This is smaller and more robust than a dev board and separate temperature sensor

The AHT20 sensor on this board is connected via I2C, and we can connect to it using the adafruit_ahtx0 module. We just need to set up an I2C object first. This is done with:

<b>i2c = busio.I2C(board.GP1, board.GP0) </b>

<b>sensor = adafruit_ahtx0.AHTx0(i2c)</b>

Once this is set up, you can access the temperature and humidity with


Now we’ve got temperature and humidity readings on the board, the next question is what to do with them. We’ve broken out the spare GPIO pins, so we can hook up almost any other hardware we want. We’ve opted for two strips of DotStar LEDs. These are addressable RGB LEDs, so we can set any of them to be any colour. We’re going to use them as thermometer-style outputs, with one LED lit up at a time. As the temperature or humidity goes up, the lit LED moves up the relevant strip.

The DotStar LED strips have four connections, VCC goes to 5 V, GND goes to GND (and there are two of each on the board, so they can connect directly to the pin). Each strip also has a Clock and Data input connection, labelled SCK and DIN. We’ve used pins 23 and 24, and 27 and 28 for these, but any of the GPIO pins will work.

A break in the PCB thermally isolates the temperature sensor as much as possible

We can create the two DotStar objects with:

<b>dots_temp = dotstar.DotStar(board.GP28, board.GP27, 14, brightness=0.2, auto_write=False)</b>

<b>dots_humid = dotstar.DotStar(board.GP24, board.GP23, 14, brightness=0.2, auto_write=False)</b>

You can then access them like lists and assigning an RGB tuple to an element in the list with. For example, dots_temp[0] = (100,0,0). There are also some methods that we can use including fill(), which sets all LEDs in the string to a particular colour. The full code for our temperature and humidity thermometers is:

<b>@import time</b>

<b>import board</b>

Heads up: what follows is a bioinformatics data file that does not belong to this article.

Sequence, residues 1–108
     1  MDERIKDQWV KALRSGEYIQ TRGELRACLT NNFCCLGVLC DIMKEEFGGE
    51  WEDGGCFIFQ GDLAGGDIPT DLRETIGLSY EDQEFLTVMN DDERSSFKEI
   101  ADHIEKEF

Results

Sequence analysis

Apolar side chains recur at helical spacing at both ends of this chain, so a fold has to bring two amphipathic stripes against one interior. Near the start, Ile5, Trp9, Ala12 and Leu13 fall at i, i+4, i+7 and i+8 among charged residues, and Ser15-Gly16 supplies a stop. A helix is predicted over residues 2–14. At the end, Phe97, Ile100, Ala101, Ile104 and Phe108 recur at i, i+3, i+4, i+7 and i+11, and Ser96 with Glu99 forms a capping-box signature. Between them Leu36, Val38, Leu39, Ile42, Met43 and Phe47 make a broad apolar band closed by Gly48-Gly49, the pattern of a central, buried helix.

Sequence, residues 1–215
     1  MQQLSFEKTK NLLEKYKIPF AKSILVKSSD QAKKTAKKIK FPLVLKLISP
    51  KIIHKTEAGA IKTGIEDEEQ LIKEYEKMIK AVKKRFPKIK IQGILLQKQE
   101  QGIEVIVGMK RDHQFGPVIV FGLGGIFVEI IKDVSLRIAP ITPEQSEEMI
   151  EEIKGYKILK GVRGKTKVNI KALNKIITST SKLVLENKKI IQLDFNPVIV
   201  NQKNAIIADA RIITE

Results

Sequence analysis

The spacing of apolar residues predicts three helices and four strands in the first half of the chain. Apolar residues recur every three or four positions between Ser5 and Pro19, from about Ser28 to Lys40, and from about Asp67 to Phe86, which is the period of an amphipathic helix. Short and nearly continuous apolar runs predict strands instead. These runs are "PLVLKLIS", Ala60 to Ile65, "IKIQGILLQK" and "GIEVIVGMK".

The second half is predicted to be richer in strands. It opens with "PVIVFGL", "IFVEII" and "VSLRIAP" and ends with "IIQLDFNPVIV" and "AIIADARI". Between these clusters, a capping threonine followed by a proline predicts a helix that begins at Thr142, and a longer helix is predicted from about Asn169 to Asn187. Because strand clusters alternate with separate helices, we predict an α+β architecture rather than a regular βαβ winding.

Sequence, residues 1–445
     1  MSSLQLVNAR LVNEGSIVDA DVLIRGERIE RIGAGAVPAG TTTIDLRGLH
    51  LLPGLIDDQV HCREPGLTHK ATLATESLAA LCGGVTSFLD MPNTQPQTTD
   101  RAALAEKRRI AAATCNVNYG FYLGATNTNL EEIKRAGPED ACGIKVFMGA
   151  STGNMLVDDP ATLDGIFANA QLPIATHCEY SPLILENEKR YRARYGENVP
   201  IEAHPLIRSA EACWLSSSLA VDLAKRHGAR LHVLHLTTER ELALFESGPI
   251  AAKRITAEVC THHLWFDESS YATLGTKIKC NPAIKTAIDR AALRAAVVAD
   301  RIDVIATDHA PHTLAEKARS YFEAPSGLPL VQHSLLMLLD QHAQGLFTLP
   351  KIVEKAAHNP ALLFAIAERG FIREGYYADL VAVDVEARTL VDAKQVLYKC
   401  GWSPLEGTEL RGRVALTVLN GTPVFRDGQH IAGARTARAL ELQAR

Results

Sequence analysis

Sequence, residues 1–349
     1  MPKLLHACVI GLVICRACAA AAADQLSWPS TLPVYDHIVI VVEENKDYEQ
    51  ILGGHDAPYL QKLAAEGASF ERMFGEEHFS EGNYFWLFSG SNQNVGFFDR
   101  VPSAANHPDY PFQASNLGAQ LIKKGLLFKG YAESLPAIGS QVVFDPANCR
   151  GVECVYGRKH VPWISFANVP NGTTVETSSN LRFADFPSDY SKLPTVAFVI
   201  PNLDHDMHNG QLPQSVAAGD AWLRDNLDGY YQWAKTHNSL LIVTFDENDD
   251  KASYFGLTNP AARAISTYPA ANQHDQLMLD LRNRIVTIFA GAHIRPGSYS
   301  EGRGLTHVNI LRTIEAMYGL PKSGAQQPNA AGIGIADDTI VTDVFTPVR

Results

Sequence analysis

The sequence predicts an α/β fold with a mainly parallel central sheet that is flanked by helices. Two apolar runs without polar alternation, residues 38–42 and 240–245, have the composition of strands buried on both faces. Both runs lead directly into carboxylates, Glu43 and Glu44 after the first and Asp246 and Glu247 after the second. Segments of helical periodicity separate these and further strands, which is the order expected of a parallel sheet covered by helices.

<b>import busio</b>

<b>import adafruit_ahtx0</b>

<b>import board</b>

<b>import adafruit_dotstar as dotstar</b>

<b>dots_temp = dotstar.DotStar(board.GP28, board.GP27, 14, brightness=0.2, auto_write=False)</b>

<b>dots_humid = dotstar.DotStar(board.GP24, board.GP23, 14, brightness=0.2, auto_write=False)</b>

<b>i2c = busio.I2C(board.GP1, board.GP0) </b>

<b>sensor = adafruit_ahtx0.AHTx0(i2c)</b>



<b>temp_range = (10,30)</b>

<b>temp_colour = (100,0,0)</b>

<b>humid_range = (0,100)</b>

<b>humid_colour = (100,100,0)</b>

<b>while True:</b>

<b>print(“\nTemperature: %0.1f C” % sensor.temperature)</b>

<b>print(“Humidity: %0.1f %%” % sensor.relative_humidity)</b>



<b>temp_index = int(((sensor.temperature-temp_range[0])/(temp_range[1]-temp_range[0])) * len(dots_temp))</b>

<b>dots_temp[temp_index] = temp_colour</b>


<b>humid_index = int(((sensor.relative_humidity-humid_range[0])/(humid_range[1]-humid_range[0])) * len(dots_humid))</b>

<b>dots_humid[humid_index] = humid_colour</b>



You can save this to your board and you should see the appropriate LEDs light up. Hold your thumb over the temperature sensor and you should see the LEDs change.

Make sure you attach wires to the right end of the LED strip (the arrow shows the direction the information travels through the strip)

Going further We’ve now come to the end of our series on KiCad, and we’ve worked our way up from simple boards that connect modules and breakout pins, to creating our own microcontroller boards with the hardware we want, and we’ve programmed them along the way. From here, you can take this hobby wherever you like. If you’re more interested in practical solutions, then you can keep designing boards as you need them. If you’re interested in the skill of PCB design, then you can work on technically more challenging boards. For example, you could try starting with some of our examples and seeing how small you can make them. You could work on interesting or artistic boards, such as those used for badges at hacker-focused tech events.

From HackSpace magazine store